In the 80s, all of that was glacial. Moore's Law kept us all expectant about the future, mostly in terms of how much of all of the business processes could be captured outside of the pocket calculators of MBAs, but the process of business adaptation as well as the process of re-sizing systems have continued to be slow all the way to the current day. Amazon has emerged to understand these kinds of problems very well because of how e-commerce begat DevOps. And yet the majority of businesses still use 'Enterprise' architecture in their systems implementations. 'Enterprise', for all intents and purposes, was the term used to convince IT buyers that UNIX based servers could handle all of the business once only owned by the sort of mainframe computers that spit data out to Xerox and IBM printers. And then came e-business which introduced the 'n-tier' solutions, multiple tiers required because no single vendor, not even IBM, could provide hardware, networking and software solutions for the new class of applications being envisioned and built.
I don't have a buzzword we could reliably depend upon to be what this time of transition to cloud architecture will be. 'Post-Enterprise' is all I will hazard. However, what processes can and will be improved is a lot clearer. So I hope to speak to you, my fellows still using the systems designed with on-premise Enterprise class architectures in mind. That's my aim for this year, to help you see what I see and what my company, Full360, can do to help you realize some of the promises of computing that were made a long time ago and have been a long time coming.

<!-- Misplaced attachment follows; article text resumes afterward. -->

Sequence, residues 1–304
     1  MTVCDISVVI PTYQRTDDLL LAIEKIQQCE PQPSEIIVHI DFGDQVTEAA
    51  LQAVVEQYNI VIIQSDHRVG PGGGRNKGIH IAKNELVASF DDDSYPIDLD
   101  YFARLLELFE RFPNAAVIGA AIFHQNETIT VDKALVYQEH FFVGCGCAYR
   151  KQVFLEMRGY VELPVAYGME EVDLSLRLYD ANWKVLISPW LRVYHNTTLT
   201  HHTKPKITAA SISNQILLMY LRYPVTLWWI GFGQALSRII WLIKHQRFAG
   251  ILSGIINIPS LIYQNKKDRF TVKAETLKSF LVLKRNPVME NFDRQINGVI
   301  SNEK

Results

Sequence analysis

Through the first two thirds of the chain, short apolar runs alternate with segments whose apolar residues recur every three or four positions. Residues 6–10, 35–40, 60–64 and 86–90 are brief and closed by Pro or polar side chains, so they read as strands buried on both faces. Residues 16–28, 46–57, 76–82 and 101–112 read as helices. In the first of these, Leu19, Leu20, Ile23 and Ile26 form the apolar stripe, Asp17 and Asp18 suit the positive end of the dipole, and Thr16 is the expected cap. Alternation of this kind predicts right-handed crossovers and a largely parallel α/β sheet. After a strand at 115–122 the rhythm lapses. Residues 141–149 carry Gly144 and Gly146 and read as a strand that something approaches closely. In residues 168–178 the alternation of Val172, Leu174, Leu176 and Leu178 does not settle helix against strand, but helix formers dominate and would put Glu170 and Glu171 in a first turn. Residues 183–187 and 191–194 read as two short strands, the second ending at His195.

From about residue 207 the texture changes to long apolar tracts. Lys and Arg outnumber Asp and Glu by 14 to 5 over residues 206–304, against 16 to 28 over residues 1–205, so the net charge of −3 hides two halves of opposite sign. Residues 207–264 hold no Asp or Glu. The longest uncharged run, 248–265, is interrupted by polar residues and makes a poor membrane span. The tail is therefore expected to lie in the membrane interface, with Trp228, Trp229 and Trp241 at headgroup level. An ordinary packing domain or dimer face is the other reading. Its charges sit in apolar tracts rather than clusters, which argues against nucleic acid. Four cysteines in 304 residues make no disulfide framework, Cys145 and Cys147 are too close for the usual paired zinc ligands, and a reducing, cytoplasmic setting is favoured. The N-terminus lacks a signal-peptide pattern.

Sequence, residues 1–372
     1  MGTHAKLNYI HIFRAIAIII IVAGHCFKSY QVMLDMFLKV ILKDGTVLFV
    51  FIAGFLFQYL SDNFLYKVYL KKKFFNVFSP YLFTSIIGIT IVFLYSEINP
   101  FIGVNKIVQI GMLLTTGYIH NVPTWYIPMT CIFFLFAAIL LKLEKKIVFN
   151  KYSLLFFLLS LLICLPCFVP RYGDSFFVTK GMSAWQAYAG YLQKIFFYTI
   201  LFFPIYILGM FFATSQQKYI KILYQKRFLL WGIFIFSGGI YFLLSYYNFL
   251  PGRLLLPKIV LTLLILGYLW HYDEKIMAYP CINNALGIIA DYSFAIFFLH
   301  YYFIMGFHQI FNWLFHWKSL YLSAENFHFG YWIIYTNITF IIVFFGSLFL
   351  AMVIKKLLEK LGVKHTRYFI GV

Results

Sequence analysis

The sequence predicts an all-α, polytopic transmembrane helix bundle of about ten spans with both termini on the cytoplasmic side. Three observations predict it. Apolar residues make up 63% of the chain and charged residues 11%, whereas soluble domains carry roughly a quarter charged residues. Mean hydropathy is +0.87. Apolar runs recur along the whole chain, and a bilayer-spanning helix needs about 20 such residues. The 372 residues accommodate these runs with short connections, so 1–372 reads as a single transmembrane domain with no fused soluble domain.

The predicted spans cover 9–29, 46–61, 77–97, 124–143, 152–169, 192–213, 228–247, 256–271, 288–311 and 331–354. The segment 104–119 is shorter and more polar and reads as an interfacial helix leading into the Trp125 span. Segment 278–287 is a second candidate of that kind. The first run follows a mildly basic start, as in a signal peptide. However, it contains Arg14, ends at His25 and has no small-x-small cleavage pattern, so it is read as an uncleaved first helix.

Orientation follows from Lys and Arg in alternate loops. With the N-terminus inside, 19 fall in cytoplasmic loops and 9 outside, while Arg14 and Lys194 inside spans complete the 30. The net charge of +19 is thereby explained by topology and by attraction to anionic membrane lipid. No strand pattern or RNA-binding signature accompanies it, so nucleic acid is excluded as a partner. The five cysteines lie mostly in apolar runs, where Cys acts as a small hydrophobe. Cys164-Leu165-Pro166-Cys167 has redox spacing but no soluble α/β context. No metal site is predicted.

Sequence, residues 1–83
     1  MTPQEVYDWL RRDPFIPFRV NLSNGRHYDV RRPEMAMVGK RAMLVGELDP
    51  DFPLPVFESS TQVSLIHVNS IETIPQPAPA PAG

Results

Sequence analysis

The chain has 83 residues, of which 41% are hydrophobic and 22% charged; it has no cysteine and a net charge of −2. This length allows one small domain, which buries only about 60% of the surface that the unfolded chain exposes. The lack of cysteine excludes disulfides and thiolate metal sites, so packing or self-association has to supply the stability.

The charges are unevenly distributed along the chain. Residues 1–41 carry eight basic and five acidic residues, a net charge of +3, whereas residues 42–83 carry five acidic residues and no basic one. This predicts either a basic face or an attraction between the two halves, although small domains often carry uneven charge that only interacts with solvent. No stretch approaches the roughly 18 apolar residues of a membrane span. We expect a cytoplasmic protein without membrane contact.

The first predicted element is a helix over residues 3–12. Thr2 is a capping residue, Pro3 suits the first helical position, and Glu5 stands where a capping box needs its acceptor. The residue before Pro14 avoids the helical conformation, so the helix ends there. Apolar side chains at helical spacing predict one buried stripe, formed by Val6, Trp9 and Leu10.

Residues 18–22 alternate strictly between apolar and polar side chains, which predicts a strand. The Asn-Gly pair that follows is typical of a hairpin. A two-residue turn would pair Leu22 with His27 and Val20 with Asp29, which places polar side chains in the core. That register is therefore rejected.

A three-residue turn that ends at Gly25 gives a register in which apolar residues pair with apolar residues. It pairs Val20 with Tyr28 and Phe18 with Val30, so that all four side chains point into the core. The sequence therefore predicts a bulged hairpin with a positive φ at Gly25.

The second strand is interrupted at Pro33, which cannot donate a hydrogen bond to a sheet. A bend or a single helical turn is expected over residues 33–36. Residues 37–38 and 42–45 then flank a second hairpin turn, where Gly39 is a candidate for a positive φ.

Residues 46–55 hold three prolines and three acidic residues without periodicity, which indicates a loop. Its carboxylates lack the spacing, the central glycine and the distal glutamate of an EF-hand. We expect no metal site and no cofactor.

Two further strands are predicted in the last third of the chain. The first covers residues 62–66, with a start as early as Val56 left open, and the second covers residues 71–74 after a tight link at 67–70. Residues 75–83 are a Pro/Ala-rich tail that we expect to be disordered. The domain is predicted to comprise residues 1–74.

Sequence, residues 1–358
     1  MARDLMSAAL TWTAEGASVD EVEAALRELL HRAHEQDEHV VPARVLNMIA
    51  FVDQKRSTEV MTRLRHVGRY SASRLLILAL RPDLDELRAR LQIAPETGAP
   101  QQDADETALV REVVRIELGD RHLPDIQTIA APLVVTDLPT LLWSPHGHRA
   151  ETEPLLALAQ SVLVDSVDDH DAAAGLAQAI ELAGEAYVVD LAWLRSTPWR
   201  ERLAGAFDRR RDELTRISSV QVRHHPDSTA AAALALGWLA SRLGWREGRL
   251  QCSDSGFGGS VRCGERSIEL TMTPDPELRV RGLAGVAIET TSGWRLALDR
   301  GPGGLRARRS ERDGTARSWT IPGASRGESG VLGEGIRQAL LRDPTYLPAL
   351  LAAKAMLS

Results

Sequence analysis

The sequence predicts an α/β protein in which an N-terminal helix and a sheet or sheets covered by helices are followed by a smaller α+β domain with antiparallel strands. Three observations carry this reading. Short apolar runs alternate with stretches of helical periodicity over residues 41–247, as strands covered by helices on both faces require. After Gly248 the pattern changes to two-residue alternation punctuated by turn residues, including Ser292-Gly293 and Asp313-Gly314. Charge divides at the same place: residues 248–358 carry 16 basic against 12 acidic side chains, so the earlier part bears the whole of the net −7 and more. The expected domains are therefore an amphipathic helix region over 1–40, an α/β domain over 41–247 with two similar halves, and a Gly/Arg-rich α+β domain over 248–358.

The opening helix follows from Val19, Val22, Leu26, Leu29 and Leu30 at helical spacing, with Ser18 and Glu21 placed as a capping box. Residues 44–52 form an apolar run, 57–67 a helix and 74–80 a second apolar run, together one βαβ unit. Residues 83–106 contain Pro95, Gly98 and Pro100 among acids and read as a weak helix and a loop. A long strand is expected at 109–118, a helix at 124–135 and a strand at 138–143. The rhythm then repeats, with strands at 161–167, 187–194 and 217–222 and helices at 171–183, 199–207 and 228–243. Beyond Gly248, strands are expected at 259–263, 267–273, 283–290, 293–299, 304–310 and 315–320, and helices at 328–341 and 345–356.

So what I just did, single-handedly, today and yesterday, was build three different database servers Oracle 11g, MySQL and Microsoft SQL Server. They were each 4 core 15GB servers with at least 300GB of SSD. They took about 15 minutes to configure and secure, with automated backups in an alternate data center. I was able to connect to them directly through a secure VPN I had previously setup with my RazorSQL client using JDBC. Today, I'm shutting down the Oracle and MySQL services because my customer only has the MSSQL license. But it was actually fun playing with the alternatives. Fun!
What's going to happen next is that I will start using AWS Config to keep track of all of my compute and networking assets for my customers. I'll be able to tell, at a glance, which server is doing what in which stack in which VPC. I will be able to manage services to an even greater extent for this and my other customers.
Back in 2001, I had a dream about a company I might work for in the future. I called the company 3DB because as a fundamental competency I wanted people who understood object, relational and multidimensional database technologies. We could then build the kinds of systems I envisioned. Now I work at Full360, but the 3DB concept is reality. We use multiple database technologies in our data management framework called ElasticBI. I didn't envision them running in a cloud architecture, but that is even better. Stay tuned.